We’re two months into the trip and so far, apart from a few punctures, a replacement battery, and a snapped throttle cable, we’ve had very little in the way of mechanical problems. Oil tends to ooze from various places around the engine, and gear changes are becoming less smooth as time goes on, but that’s a consequence of lower quality parts wearing out, and the bikes being ridden hard, at the top end of their speed range, hour after hour every day. Oil top-ups have become a part of our daily maintenance routine, along with lubing the chain (and counting the screws that have rattled loose and disappeared somewhere along the road) and when we left Mandvi, everything was running well.
The midday heat was scorching so we randomly detoured off the main road, hoping the little track leading us past a windfarm and through sleepy villages would eventually end with a beach. After a few kilometres of dust and no sign of water I was starting to consider turning around, but our tenacity was rewarded. The road finished by some dunes and a deserted beach – obviously not well known to anyone unwilling to blindly ride down 5 kilometers of potholes. Despite my best efforts I couldn’t get the bikes up over the dunes for a little blast in the sand, so we left them by the road and wandered down the beach. A wicked undercurrent meant we couldn’t go for a proper swim, so we dipped our toes in the surf and cooled off a bit. Good enough.
A few hours later we were back on the arrow-straight main road, heading north-west along the coast and trying to keep our speed close to 100kph to avoid overheating. My bike gave a sudden violent shudder, then cut out. I coasted to the side of the road and tried in vain to start her up. Time to break out the tool kit I guess. The spark plugs seemed fine and there was no blockage in the fuel line, though the bleed screw in the carburetor had been worn smooth, presumably by the last amateur mechanic who’d owned the bike, and I was out of ideas. Maria rode back the way we’d come to try and recruit some help.
She returned with a security guard/part time mechanic and his friend, who’s main credential seemed to be that he was in the area. They busied themselves in rechecking the things I’d checked, then took the carburetor out (an incredibly simple undertaking on these little bikes) and opened it up. The thing was full of water; presumably picked up from a dodgy petrol station somewhere, and once it was all back together the bike started up fine. We expressed our thanks and set off again.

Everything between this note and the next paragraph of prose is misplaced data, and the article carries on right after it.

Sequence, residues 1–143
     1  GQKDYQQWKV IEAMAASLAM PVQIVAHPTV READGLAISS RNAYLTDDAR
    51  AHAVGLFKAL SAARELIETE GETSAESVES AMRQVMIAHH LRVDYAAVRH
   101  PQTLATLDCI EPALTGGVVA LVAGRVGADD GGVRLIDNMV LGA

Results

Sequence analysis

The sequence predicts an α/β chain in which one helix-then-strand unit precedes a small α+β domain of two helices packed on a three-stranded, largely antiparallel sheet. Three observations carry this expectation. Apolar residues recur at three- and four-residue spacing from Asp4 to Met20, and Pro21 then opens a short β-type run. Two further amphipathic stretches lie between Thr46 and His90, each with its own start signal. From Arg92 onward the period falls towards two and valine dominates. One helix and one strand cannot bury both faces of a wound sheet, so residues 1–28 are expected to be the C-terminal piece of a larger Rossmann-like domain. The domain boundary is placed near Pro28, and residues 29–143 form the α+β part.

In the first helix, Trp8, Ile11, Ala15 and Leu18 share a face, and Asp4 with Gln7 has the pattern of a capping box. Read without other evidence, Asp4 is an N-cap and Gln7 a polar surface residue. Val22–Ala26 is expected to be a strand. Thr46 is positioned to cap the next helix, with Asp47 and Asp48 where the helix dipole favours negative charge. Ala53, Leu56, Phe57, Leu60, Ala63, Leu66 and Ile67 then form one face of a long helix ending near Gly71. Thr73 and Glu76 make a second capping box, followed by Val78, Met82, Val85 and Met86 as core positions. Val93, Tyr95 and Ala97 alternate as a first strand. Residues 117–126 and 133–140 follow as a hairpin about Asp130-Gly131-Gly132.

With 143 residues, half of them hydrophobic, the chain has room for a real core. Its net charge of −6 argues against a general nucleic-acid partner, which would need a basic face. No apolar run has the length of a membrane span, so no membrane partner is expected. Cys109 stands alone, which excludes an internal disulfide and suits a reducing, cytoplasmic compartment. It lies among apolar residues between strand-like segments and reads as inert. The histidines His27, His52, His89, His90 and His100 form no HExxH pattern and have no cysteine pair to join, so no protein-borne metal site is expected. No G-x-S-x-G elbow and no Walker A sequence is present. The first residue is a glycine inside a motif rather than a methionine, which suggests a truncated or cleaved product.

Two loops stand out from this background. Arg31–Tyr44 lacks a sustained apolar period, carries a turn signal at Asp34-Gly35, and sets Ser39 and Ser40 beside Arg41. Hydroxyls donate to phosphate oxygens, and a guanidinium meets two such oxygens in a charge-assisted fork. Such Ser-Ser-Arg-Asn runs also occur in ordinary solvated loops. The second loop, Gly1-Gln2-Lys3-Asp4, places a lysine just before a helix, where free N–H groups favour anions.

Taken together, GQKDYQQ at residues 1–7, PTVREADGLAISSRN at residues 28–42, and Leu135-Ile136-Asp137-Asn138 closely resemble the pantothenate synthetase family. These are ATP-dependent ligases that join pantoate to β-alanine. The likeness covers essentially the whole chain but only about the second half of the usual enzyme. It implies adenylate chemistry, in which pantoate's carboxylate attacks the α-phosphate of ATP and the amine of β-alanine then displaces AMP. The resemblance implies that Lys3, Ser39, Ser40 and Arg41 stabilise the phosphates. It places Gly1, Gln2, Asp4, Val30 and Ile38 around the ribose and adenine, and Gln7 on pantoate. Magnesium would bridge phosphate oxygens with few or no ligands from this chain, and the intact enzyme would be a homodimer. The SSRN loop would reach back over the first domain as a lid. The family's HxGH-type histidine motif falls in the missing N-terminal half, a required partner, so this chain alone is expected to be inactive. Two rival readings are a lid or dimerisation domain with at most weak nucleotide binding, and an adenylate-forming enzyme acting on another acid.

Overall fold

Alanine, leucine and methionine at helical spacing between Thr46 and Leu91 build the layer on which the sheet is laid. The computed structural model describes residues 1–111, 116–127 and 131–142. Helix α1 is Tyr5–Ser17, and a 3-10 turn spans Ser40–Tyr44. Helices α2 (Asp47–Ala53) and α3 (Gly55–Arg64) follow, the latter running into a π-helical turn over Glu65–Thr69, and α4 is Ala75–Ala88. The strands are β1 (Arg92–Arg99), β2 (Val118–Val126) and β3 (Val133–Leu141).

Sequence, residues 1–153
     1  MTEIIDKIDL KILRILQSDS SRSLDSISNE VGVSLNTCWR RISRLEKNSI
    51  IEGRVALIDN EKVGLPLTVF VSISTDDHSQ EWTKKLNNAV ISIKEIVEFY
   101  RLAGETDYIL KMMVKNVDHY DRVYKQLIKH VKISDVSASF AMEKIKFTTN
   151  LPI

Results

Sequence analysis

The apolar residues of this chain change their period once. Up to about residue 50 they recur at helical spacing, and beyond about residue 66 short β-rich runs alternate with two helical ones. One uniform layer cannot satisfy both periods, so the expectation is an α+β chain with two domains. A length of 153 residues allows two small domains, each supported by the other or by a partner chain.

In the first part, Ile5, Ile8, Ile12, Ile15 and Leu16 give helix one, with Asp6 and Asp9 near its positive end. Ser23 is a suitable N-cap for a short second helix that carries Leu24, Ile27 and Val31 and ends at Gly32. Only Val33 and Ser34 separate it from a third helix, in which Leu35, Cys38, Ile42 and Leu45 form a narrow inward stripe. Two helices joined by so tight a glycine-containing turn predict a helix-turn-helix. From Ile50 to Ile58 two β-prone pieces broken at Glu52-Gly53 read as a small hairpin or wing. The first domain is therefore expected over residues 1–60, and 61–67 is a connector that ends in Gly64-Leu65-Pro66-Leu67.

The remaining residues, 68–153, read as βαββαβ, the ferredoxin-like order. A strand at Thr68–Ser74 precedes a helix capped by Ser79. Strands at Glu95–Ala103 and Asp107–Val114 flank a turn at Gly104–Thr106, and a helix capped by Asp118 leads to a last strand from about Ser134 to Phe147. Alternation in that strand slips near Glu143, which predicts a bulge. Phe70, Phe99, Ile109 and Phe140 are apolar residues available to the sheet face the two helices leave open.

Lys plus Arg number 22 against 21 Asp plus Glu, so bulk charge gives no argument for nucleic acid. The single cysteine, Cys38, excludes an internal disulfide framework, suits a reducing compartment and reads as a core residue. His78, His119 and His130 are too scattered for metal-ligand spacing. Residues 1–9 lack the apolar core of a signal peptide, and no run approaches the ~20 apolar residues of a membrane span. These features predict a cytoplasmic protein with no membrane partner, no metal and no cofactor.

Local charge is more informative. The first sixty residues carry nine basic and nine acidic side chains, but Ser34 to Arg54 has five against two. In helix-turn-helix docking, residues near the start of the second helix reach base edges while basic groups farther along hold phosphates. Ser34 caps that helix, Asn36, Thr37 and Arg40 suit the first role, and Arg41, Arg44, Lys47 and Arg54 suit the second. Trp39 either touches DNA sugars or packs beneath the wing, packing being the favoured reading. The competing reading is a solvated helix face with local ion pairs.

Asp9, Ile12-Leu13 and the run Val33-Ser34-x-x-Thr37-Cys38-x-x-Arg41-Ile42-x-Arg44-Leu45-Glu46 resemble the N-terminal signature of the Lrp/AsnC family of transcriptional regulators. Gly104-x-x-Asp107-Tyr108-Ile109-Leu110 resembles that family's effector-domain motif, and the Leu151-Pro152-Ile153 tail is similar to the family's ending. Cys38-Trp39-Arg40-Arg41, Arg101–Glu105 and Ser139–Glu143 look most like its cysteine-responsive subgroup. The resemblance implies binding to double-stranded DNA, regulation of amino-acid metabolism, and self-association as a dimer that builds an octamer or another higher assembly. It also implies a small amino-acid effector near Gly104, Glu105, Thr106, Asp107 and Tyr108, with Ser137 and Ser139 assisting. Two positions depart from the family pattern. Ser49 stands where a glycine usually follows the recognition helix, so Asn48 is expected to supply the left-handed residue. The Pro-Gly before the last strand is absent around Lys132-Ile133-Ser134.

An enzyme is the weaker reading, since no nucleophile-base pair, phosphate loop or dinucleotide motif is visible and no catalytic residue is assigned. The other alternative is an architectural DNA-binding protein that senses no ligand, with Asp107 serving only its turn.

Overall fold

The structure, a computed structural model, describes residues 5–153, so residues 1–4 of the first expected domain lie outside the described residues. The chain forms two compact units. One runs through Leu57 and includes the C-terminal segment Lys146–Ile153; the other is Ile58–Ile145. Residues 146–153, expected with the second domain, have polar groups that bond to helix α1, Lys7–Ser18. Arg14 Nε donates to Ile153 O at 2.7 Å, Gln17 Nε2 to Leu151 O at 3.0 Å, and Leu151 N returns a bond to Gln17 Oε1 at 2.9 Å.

I hadn’t gone five kilometres when the same violent shudder had me coasting to a stop again. Luckily this time I’d pulled up next to a little makeshift garage. We were soon surrounded by the family, emerging – as Indian’s do – as if from nowhere. While they were far more interested in taking pictures and practicing their English, we did manage to convey our problem and the bike was once again subjected to scrutiny. This time the diagnosis was a faulty sparkplug causing a short and the youngest son was sent off to fetch a replacement. As he wobbled off on the family’s shared 125cc Honda, struggling to reach the gear pedal while still peering over the handlebars, we turned our attention back to the crowd and continued posing for snaps and answering questions. Everyone seemed particularly interested in the Tibetan flags lashed to the mirrors, and how we’d come to own them. Soon enough our young friend was back with a sparkplug, a huge bottle of sprite, and about a dozen villagers. With the new plug my bike once again started but we weren’t going anywhere: There was the makings of a party congregating around the little shack.
As dusk started to set in, we decided it’d be best to leave them to it and find somewhere to make camp. Of course, after another few kilometers of riding I was back on the roadside, puzzling over my non-starting bike. It was dark now, and the only light provided was from a worryingly big bush-fire next to me. We certainly wouldn’t be camping here. A passer-by stopped to help, but now that it was dark there was very little to do. I asked if there was a guesthouse nearby, and luckily was told we were only three kilometers away from a place. I was gearing up to start pushing the bike when a pickup stopped and insisted on loading us into the back.